He was both a shocking throwback to Europe’s dark past and a disturbing herald of the power ethnic grievance still had in the continent
“People are not little stones, or keys in someone’s pocket, that can be moved from one place to another just like that…. Therefore, we cannot precisely arrange for only Serbs to stay in one part of the country while removing others painlessly. I do not know how [Speaker] Krajišnik and [President] Karadžić will explain that to the world. That is genocide”
The BBC reported yesterday that:
Former Bosnian Serb commander Ratko Mladic has been found guilty of genocide for some of the worst atrocities of the 1990s Bosnian war.
Known as the “Butcher of Bosnia”, he faced 11 charges, including crimes against humanity, at the UN tribunal.
He was convicted of the massacre of more than 7,000 Bosniak (Bosnian Muslim) men and boys at Srebrenica in 1995 and the siege of Sarajevo in which more than 10,000 people died.
I hope that this is a case where life means life. Mladic’s crimes were so enormous and so without justification that nothing else feels adequate.
A heart of darkness
A few years ago I took part in an inter-faith visit to Bosnia. Srebrenica was one stop on our itinerary. We visited the cemetries, museums and the battery-factory where so many of the shootings took place. We also met some survivors. They were a group of otherwise normal seeming young men, nonetheless haunted by horrors they would have faced while they were still children.
Srebrenica was supposed to be a safe haven for Bosniak’s fleeing a program of ethnic cleansing. A UN Security Council resolution had decreed that it “should be free from any armed attack or any other hostile act“. UN peacekeepers guarded it. And it soon became home to thousands of refugees.
However, rather than affording protection to its inhabitants, the town became a trap for them. Mladic’s forces surrounded it, cutting it off from supplies. Refugees began to starve. The UN forces in the town were outnumbered and running out of food, ammunition and fuel. In a separate battle around Sarajevo, a group of French soldiers were captured. Mladic threatened to kill these men in the event of Western airstrikes on his forces. That removed the last serious impediment to a Bosnian Serb takeover of Srebrenica and Mladic ordered his forces to take the town. Aware of the weakness of their position and with many of their members captured, UN forces struck a deal with Mladic. In exchange for being allowed to withdraw from the city, they would turn over thousands of refugees, supposedly to be transported into Bosnian territory.
In fact, what happened was that the Mladic’s soldiers began splitting the refugees into two groups. Men were seperated from women and children. They supposedly needed to interogate the men about purported war crimes. The women were ‘spared’ – that being a relative term as many were raped – but they were eventually given to the Bosnian government. However, the men were being taken to the battery factory, shot and buried in mass graves. Thousands of them. As news of this spread throughout Srebrenica, thousands more of the men began fleeing into the hills and trying to make it towards government held territory. Many of them made it. Many didn’t.
It took less than a fortnight for the massacre to unfold. In that time in a single town, Mladic had overseen the massacre of as many as eight thousands souls.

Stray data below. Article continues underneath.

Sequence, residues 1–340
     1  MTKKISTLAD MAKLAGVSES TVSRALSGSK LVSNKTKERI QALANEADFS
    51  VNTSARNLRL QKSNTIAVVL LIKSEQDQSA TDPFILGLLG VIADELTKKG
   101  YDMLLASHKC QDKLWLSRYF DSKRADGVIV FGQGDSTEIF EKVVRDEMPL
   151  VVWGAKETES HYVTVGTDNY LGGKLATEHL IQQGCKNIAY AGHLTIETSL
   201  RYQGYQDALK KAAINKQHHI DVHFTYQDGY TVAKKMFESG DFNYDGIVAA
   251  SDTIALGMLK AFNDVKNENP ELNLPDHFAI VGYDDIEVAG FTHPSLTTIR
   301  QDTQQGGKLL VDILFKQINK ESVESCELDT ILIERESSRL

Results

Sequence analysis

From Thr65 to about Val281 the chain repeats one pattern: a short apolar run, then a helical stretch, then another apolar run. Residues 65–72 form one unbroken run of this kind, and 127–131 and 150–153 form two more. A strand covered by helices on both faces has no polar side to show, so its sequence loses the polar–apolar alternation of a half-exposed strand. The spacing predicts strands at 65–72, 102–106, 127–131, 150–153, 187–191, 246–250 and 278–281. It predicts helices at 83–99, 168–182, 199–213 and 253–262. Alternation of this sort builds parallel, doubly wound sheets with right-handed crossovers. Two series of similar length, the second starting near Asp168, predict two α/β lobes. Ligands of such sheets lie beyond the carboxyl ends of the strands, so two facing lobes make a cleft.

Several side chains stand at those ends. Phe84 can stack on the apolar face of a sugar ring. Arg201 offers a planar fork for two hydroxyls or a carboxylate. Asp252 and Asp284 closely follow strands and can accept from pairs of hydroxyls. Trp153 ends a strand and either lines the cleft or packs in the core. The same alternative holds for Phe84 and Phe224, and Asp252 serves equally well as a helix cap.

These and the crimes the army Mladic led, were to constitute his legacy: an instigator of genocide, who drove tens of thousands from their homes, enabled mass rapes, ran concentration camps, defied international law, used peacekeepers as human shields, and had his forces shell the homes of ordinary people and architectural treasures. In order to commit these crimes, he flat out lied. He told both the international community and the Bosniak refugees in Srebrenica themselves that he would spare them. That he only wanted to move them from Serb territory. All this while already having made the decision to massacre them.
A warning from history
On the surface Mladic can seem like a throwback to an earlier period of European history, a figure from the 1930s/1940s somehow making misery in the 1990s. One imagines that had he been born in a different time or place, he would have been helping Hitler to murder Jews or Stalin to starve Ukranians, and that the manner in which he approached that grim task would have been much the same.
However, he also presents a disturbingly contemporary figure. He and the other leaders of Serbian nationalism were amongst the first in the Europe that emerged after the fall of communism, to harness the power of a fusion of ethnic chauvanism and Islamophobia. In videos of his arrival in Srebrenica, Mladic refers to the Bosniaks as ‘Turks’ and presents the capture of the town as revenge for the centuries during which Serbia was ruled by the Ottoman Caliphate based in Istanbul. At his war crimes trial, he and his lawyers would attempt to excuse his actions by suggesting he was defending Serbs from “ethnic and religious fanaticism” and point to the prescense of a handful of foreign “mujahideen” in Bosnia as evidence.
Across much of Europe democracy, human rights and the rule of law are under enormous pressure. As in Bosnia, the culprit is a toxic mixture of national, ethnic and religious sectarianism.
Clearly as bad as these situations are, they are not remotely close to approaching the horror that was unleashed in the former Yugoslavia. However, taking precautions against such darkness is worthwhile, and perhaps Mladic’s conviction can serve as a warning to would be strong men and demagouges across the continent.
Plus, the fact that someone as richly deserving of justice as Mladic has recieved it, does give one hope that perpetrators of atrocities in Syria, Myanmar and North Korea might also find themselves in the prison cells where they belong.